West Law Report

A v B

Posted in Westlaw Reports by mrkooenglish on August 1, 2008

Queen’s Bench Division (Admin) Collins J July 4, 2008

Last Updated: 8:55PM BST 30 Jul 2008

Confidentiality – Freedom of expression – Investigatory powers tribunal – Jurisdiction – Security service – Statutory interpretation – Publication of material relating to security services – Ousting jurisdiction of court – Art. 10 European Convention on Human Rights – Regulation of Investigatory Powers Act 2000 – Human Rights Act 1998 – s. 65(2)(a) Regulation of Investigatory Powers Act 2000 – s. 65(2)(b) Regulation of Investigatory Powers Act 2000 – s. 65(2) Regulation of Investigatory Powers Act 2000 – s. 7(1)(a) Human Rights Act 1998 – s. 66 Regulation of Investigatory Powers Act 2000

FACTS

The court was required to determine, as a preliminary issue, whether it had jurisdiction to hear a claim by the claimant former member of the Security Service (X) to overturn the refusal of the defendant Director of Establishments of the Service to give consent for X to publish a book he had written. The book contained a description of X’s work for the Security Service. X was bound by a duty of confidentiality and could not publish material that related to the Security Service without the consent of the director. The director refused to give consent and X sought to overturn that refusal on the grounds that it was unreasonable, vitiated by bias and contrary to the European Convention on Human Rights 1950 art. 10. The director contended that the court had no jurisdiction to hear the matter as the relevant provisions of the Regulation of Investigatory Powers Act 2000 and the Human Rights Act 1998 required that such matters should be dealt with by the Investigatory Powers Tribunal. The director contended that the conduct complained of fell within either s. 65(2)(a) or s. 65(2)(b) of the 2000 Act and as such the appropriate forum under s. 65(2) was the tribunal.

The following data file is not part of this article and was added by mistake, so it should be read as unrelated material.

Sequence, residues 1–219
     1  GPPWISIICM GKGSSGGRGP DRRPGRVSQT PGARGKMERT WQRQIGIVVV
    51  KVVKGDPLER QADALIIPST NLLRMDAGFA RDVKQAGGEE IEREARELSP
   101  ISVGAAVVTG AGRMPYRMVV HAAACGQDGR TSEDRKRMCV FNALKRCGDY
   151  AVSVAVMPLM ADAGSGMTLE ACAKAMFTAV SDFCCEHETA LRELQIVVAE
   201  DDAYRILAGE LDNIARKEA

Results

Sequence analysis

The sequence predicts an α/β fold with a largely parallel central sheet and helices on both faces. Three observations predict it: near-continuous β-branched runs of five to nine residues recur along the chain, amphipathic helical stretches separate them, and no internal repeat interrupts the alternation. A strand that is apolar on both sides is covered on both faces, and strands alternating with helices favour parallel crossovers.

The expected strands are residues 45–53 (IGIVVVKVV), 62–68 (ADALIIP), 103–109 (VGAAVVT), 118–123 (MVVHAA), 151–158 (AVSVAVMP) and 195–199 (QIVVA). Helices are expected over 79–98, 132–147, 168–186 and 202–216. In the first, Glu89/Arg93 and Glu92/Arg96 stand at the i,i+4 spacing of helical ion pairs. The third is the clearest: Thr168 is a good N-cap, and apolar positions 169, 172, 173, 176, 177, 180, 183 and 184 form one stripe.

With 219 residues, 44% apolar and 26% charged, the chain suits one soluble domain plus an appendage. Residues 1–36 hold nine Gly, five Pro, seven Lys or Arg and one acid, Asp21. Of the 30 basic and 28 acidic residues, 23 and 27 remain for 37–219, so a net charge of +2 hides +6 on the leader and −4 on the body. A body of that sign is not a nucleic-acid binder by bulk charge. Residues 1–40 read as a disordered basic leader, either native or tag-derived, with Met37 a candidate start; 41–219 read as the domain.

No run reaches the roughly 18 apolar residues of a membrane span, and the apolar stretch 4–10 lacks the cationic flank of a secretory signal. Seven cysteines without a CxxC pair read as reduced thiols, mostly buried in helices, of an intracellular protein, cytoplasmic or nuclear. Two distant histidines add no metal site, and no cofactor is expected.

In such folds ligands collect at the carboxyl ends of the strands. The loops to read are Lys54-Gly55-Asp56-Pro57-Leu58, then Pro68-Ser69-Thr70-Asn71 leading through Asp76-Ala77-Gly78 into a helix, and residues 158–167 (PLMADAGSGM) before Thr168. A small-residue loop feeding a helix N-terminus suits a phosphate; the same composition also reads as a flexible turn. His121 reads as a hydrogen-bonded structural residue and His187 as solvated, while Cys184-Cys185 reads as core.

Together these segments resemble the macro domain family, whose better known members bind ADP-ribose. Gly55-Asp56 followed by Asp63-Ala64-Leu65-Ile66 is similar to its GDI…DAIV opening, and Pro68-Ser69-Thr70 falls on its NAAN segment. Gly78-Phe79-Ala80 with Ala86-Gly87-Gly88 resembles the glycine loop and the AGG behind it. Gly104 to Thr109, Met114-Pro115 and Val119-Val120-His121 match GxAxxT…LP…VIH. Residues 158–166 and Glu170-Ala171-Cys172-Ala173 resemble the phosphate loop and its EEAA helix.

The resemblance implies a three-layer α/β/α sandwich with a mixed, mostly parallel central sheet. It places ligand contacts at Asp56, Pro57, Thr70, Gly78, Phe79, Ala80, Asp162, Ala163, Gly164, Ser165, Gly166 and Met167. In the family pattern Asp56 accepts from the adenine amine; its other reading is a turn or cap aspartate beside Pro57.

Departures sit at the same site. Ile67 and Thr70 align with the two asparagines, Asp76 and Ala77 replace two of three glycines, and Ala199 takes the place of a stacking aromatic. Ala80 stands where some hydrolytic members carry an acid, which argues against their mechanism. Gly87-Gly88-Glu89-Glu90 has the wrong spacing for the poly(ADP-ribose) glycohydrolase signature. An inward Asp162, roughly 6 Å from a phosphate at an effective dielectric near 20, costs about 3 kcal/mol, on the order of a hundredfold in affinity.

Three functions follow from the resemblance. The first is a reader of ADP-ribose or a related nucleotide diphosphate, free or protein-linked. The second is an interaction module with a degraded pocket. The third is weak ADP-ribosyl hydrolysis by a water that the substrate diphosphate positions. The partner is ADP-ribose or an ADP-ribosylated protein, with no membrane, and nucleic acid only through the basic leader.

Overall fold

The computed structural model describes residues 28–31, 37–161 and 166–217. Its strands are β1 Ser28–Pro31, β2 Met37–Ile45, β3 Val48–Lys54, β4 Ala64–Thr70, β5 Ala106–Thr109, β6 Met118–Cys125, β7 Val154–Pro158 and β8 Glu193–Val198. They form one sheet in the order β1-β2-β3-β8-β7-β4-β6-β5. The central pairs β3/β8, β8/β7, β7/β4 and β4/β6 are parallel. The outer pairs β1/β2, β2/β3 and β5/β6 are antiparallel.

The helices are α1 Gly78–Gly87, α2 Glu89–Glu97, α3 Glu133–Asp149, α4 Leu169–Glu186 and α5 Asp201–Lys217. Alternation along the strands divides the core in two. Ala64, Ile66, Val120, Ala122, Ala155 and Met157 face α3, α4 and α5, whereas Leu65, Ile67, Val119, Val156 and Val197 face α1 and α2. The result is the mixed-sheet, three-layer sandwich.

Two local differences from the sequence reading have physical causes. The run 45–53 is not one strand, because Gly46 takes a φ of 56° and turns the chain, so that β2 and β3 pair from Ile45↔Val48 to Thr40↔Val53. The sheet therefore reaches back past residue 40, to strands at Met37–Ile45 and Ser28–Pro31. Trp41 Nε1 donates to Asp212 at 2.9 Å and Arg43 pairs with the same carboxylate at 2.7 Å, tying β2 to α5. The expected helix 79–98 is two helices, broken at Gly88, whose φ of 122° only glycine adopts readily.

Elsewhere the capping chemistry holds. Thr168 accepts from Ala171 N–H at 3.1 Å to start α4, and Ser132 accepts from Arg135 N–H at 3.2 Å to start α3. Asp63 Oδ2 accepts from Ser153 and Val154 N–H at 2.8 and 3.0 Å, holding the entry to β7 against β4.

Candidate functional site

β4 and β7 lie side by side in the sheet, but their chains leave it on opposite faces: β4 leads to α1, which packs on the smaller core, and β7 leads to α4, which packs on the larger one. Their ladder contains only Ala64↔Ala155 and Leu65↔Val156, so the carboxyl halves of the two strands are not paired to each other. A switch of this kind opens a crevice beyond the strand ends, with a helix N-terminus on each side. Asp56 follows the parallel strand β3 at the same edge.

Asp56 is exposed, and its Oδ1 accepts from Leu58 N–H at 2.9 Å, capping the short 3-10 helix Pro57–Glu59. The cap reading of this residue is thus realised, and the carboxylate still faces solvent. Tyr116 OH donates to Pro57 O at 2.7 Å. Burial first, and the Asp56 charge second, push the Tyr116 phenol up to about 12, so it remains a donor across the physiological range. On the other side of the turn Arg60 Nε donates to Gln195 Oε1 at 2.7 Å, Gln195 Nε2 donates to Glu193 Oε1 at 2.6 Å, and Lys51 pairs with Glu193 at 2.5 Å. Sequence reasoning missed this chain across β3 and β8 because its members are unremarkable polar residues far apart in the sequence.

ISSUE

Whether the court had jurisdiction to hear the matter as the relevant provisions of the Regulation of Investigatory Powers Act 2000 and the Human Rights Act 1998 required that such matters should be dealt with by the Investigatory Powers Tribunal.

HELD (preliminary issue determined in favour of claimant)

The claim was clearly a claim under s. 7(1)(a) of the 1998 Act and, as such, fell within the scope of s. 65(2)(a) of the 2000 Act, Somerville v Scottish Ministers [2007] UKHL 44, [2007] 1 WLR 2734 considered. The tribunal’s main purpose was to ensure that the relevant investigatory powers contained in the 2000 Act were used lawfully and compatibly with Convention rights. If the court’s jurisdiction was ousted in respect of any claim which related to any conduct by or on behalf of the intelligence services under s. 7(1)(a) of the 1998 Act, the result would be that some claims which had no need for secrecy and were not concerned with investigatory powers would have to be dealt with by the tribunal. An individual’s right of access to a court was a right of the highest constitutional importance and if a court’s jurisdiction was to be ousted it had to be done so using clear and explicit words. The existence of a right to go to a tribunal did not, in itself, in the absence of the clearest statutory language oust the jurisdiction of the court. Under s. 65(2)(a) of the 2000 Act no reference was made to exclude the court and there was no reason to imply it. The wording of the section made sense if it was intended to exclude the jurisdiction of any other tribunal that might have jurisdiction. Section 66 of the 2000 Act gave a power to oust the court’s jurisdiction by explicit language. Similar language could have been used in s. 65(2)(a) of the 2000 Act. Parliament clearly intended that claims raising matters in relation to surveillance, interception of communications and the use of material obtained, use of covert services and acquisition of means whereby electronic data could be decrypted should be dealt with by the tribunal. However, the circumstances of the instant case were different and whilst the tribunal undoubtedly had jurisdiction its procedures were less satisfactory and the issues wider than those for which the 2000 Act specifically required it to be established. Accordingly, the court had jurisdiction to hear the claim.

Keir Starmer QC and Guy Vassall-Adams (instructed by Bindman & Partners) for the claimant. Philip Havers QC and Jason Coppel (instructed by Treasury Solicitor) for the defendant.

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